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Wednesday, December 14, 2016

What I Talk About When I Talk About Running by Haruki Murakami

Blurb (from the jacket):

In 1982, having sold his jazz bar to devote himself to writing, Murakami began running to keep fit. A year later, he'd completed a solo course from Athens to Marathon, and now, after dozens of such races, he reflects upon the influence the sport has had on his life and on his writing. 

Equal parts travelogue, training log, and reminiscence, this revealing memoir covers his four-month preparation for the 2005 New York City Marathon and settings ranging from Tokyo's Jingu Gaien gardens, where he once shared the course with an Olympian, to the Charles River in Boston.

By turns funny and sobering, playful and philosophical, this is a must-read for fans of this masterful yet private writer as well as for the exploding population of athletes who find similar satisfaction in distance running.

My take on the book:
Murakami. Though there are so many books to be read, so many new authors to be explored, way too many plot to be enjoyed, I decided to read Murakami. Again. Only this time its a non-fiction; a memoir.

Being a huge fan of his work, I was filled with this obvious excitement of getting to know him. You know, if you are familiar with his work, you understand why its obvious. So varied are his works; so wild his imagination; so metaphysical his stories.

I had a friend who - also introduced this brilliant author - was a bigger fan of this man, which left me familiar with the snippets from the author's life. Like even before I started reading this book, I knew that Murakami sold up his club to be a full-time author; the exact moment it struck him that he could be an author; that he is obsessed with running - which are all part of the book. But the thing is that my friend here gave away all the best things about this book that during the course of the read I felt really deviated.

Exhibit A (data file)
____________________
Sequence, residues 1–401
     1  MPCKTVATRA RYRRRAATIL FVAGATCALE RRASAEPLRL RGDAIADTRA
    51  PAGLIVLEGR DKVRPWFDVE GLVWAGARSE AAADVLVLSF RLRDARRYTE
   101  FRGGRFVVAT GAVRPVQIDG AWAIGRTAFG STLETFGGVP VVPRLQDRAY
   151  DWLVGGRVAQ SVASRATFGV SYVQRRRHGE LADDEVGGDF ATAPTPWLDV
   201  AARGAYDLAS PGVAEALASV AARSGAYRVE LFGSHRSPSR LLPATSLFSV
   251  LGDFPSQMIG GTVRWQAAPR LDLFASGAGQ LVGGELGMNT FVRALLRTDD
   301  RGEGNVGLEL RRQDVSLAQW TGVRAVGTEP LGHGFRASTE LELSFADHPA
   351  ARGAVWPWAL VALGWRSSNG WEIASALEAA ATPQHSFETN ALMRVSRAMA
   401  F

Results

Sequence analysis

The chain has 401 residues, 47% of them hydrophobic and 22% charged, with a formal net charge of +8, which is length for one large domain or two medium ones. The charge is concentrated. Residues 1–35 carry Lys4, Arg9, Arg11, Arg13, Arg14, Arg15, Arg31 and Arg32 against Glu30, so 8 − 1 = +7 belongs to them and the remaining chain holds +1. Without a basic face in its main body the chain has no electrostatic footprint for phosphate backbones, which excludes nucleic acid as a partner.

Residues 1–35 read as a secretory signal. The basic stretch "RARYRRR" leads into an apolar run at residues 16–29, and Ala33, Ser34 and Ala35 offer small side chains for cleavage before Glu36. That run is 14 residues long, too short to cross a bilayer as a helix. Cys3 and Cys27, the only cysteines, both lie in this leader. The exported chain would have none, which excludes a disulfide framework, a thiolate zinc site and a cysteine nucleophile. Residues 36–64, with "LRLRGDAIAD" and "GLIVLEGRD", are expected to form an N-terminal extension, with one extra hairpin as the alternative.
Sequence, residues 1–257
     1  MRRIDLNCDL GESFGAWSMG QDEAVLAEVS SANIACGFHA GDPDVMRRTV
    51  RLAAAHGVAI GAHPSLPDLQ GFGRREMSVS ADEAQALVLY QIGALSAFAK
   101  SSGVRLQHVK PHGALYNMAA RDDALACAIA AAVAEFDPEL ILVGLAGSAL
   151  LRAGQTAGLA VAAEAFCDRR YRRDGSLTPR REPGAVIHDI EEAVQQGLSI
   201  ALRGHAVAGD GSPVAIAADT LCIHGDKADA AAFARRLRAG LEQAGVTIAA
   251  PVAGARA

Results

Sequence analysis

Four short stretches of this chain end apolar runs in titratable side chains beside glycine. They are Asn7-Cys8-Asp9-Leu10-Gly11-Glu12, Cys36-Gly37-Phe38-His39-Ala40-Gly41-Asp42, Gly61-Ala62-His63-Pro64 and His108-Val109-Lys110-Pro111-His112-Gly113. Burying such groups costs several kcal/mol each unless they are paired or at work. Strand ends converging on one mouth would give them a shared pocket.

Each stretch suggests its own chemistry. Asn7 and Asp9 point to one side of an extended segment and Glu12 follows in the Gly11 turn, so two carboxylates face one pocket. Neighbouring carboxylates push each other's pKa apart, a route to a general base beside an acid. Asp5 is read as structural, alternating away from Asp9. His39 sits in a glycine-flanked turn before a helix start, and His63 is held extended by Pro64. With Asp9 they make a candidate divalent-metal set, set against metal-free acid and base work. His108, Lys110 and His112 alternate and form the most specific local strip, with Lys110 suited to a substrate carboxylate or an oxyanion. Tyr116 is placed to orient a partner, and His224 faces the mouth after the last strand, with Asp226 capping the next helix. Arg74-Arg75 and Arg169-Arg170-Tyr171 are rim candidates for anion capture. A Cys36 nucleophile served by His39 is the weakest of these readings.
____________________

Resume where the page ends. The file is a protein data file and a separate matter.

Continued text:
Getting straight to it, I was really disappointed at the author's life. So wild were his stories, I wasn't ready to be satisfied with an ordinary man's story. A lot of silly things disheartened me. Like, for instance, the author gave up smoking. Which must've been obvious that the book is about running and runner are bad smokers. But, hey, this is Murakami we are talking about. Name me a story that he doesn't describe at least one key character a smoker. Not that I've read all his books, but then Murakami had such an image in my mind. Listens to jazz, Beatles, the classic rock bands, Mozart; a pure classic, I mean.

These silly things have really disturbed to a point that I was finding it troublesome to read this book. How can Murakami be so dreadful about ageing? It was like he was trying to get in terms with his ageing through writing this book. Or maybe I am too young to judge about that issue.

But then, with those things done, as the trudged further, it showed. The typical Murakami style of seeing and feeling things. It started to feel that he was not as ordinary as he made it seem till then. And by the end, I was happy the way it ended. I mean, my ego was satisfied. I had got what I was expecting when I paid for this book.I totally understand, its purely judgmental of me, but then, hey, I'm am a reviewer.

Overall, I would suggest this book for those hardcore fans of Murakami and those for whom running is more than, well, running itself, not just running.


Title: What I Talk About When I Talk About Running

Author: Haruki Murakami

ISBN (edition I've read): 9780099526155


Read between: 08-12-0216 to 12-12-2016

Publishers: Vintage

Pages: 180

MRP: ₹ 450

The best deal for this book could be found here:  

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